If I go with my Christian convictions based on how I read the teachings of the Bible in regards to human relationships then I will vote ‘no’. (I believe its God’ original intent for men and women to be together.) The fallout from this is that some will see me as bound to the teachings of a book that carries no authority for them and that has no relevance to a 21st C secular society. At best I may be perceived as lacking in my ability to think – perhaps a product of a religious system that prevents me from free thought. Or at worst I may just be cast as a homophobe and a bigot – and no one wants to be that… a modern day leper.

Then if I take a step back and look at what it means to live in a secular society where everyone has a right to their say and where we cannot assume any priority based on Christian heritage I can see a case for the ‘yes’ vote and a number of Christians have argued this case quite articulately and convincingly. It means equal rights for all and people get to choose their path – wherever that leads. If I take this tack then some of my Christian tribe will see me as a sellout – as having a ‘low’ view of the Bible – of caving in to cultural trends. At best I will be seen as out of step with the rest of the church community, or at worst I will be a false teacher and a heretic – one to be disregarded in future conversations around issues of this nature – the guy who lost the plot on the gay marriage issue…

You see ‘Yes’ or ‘No’ just doesn’t allow for any nuance whatsoever. When I say ‘yes’ I do so meaning ‘XYZ’, but I am concerned about ‘ABC’, or when I say ‘no’ I do with similar caveats and concerns, and if you are a Christian and can’t say that I’d suggest then maybe you haven’t grappled with the issue sufficiently.

I don’t expect my friends who aren’t Christians to share my wrestle – there is no need to consider faith issues when you don’t hold the Bible in high regard. That said, I do expect respect and to be taken seriously. I’m happy to offer my thoughts and reflections on the subject and to explain the challenge that this subject is for many people of faith. I’m even happy to have a good spirited argument about the issue – but I’m not happy to either use propaganda to demonise others or be defined myself by propaganda. The plebiscite was always going to be problematic, because campaigns call for propaganda and propaganda requires an enemy to fight against. So far the propaganda machine is doing its job well and managing to create ‘us’ and ‘them’ (whichever side you are on)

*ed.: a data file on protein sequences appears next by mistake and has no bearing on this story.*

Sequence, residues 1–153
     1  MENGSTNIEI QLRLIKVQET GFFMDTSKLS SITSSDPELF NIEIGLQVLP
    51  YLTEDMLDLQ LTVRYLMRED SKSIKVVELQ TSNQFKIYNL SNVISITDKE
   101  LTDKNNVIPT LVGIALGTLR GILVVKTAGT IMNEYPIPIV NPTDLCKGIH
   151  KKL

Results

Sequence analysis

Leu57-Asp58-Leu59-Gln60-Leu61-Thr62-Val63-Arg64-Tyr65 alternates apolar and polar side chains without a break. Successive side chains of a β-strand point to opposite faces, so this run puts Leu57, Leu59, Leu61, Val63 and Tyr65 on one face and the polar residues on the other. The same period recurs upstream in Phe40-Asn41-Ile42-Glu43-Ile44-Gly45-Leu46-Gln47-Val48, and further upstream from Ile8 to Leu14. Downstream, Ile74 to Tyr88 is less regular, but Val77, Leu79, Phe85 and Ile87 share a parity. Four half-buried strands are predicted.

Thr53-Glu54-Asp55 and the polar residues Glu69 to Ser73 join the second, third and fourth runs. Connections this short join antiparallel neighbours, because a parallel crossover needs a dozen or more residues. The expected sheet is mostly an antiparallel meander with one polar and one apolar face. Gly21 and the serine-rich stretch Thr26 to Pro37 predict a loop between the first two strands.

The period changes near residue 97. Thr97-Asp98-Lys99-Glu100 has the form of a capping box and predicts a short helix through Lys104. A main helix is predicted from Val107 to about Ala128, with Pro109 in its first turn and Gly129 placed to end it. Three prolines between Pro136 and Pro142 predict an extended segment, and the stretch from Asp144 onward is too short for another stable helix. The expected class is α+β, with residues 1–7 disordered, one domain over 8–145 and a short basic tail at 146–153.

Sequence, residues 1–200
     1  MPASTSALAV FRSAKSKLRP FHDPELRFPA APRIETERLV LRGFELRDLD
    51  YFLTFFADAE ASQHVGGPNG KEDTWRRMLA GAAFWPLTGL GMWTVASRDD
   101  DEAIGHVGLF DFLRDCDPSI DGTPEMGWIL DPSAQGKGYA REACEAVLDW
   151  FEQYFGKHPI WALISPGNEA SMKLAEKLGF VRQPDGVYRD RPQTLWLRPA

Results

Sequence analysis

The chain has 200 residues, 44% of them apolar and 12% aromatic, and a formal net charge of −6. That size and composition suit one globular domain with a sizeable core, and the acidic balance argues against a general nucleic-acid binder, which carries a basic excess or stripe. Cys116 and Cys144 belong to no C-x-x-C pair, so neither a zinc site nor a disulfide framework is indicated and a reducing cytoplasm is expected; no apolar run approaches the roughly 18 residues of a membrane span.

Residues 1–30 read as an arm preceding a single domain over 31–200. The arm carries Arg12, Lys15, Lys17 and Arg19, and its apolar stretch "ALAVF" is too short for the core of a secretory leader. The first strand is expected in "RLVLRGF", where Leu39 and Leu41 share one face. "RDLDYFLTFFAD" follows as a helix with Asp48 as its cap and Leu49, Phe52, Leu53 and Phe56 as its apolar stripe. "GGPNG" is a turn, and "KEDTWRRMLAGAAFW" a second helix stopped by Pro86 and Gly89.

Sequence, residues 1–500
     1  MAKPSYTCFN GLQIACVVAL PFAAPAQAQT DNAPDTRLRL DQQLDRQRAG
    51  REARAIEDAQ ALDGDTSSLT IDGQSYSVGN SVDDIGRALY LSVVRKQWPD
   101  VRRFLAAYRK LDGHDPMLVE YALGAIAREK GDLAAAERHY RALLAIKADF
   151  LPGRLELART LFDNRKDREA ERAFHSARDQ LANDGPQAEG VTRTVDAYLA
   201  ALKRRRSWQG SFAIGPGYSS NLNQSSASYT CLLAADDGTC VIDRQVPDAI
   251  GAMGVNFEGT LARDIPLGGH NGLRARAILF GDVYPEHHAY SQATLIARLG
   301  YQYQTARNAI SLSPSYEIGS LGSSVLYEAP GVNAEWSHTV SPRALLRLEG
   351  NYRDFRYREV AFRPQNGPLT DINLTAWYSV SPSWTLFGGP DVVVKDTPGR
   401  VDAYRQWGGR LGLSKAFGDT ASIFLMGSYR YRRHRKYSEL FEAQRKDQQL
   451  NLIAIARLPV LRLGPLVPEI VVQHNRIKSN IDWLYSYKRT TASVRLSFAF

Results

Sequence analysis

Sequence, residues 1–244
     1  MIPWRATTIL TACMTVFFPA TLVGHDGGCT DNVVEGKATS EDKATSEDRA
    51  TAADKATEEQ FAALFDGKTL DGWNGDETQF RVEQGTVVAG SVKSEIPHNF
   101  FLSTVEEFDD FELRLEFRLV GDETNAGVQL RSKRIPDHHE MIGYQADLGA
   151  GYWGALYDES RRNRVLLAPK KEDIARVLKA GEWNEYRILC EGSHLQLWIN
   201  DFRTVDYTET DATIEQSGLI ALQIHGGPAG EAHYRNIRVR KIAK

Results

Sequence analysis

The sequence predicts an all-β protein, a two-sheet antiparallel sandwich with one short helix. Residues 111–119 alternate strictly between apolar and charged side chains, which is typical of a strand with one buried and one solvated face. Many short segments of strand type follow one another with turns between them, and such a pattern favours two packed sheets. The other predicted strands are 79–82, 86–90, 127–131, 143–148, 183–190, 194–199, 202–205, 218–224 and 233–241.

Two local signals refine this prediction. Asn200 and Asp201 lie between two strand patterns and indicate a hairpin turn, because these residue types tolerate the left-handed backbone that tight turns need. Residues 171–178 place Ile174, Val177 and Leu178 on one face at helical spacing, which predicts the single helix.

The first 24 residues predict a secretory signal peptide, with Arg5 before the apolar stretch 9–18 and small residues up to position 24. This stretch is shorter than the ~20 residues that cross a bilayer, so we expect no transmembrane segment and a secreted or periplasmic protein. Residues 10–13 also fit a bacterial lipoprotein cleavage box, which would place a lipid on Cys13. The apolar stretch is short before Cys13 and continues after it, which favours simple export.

Likewise I would hope that my Christian friends would see the bigger picture of what it means if one group (the Christians) get to dictate the tone for society. Our own God allows us to choose our path – whether that is in line with him or not. Christians are as entitled to their say on this issue as much as any other group in society, but not more than any other group.

Increasingly I have felt the pressure increase to ‘get with the program’, ‘wake up’ or ‘see the light’ – and that’s from both sides. When you treat me like a moron and try to win me over with crass arguments, fear or manipulation then you insult me and I find your campaign weak. Unfortunately this is what it has come down to so often.

I expect most of my friends who aren’t God botherers will vote ‘yes’. (I’m not sure why you wouldn’t as it is the way our society is heading). But for my Christian friends who may vote either way, my great hope is not that you will ‘get it right’, but rather that whatever you do it will be done in a spirit of love and respect. Whether you are perceived as ‘progressive’ or ‘regressive’ the call from Jesus to love those who disagree with us and seek to live at peace with everyone is stronger and more powerful than the call to get the right answer to a vexed question.

I’m not going to tell you which box I ticked in the end but you’re welcome to have a guess…










Back in October 1974 I arrived in Australia as a chubby, freckle faced 10 year old Irish kid with an almost unintelligible Belfast accent. To make matters worse I thought football was a game played with a round ball which in those days cast serious dispersions about my sexual orientation… We rented a house in one of Perth’s cheapest, but roughest suburbs and in those first 3 months I struggled to fit in at my new school and I became the obvious target for ridicule and bullying.

Pasty white skin, a thick Belfast brogue and no clue how to kick a real football meant that I spent lunchtimes in the library away from people, or with my only friend – Charlie – one of the ‘special’ kids as we called them then. Charlie didn’t know I was a loser so he was happy to be my friend.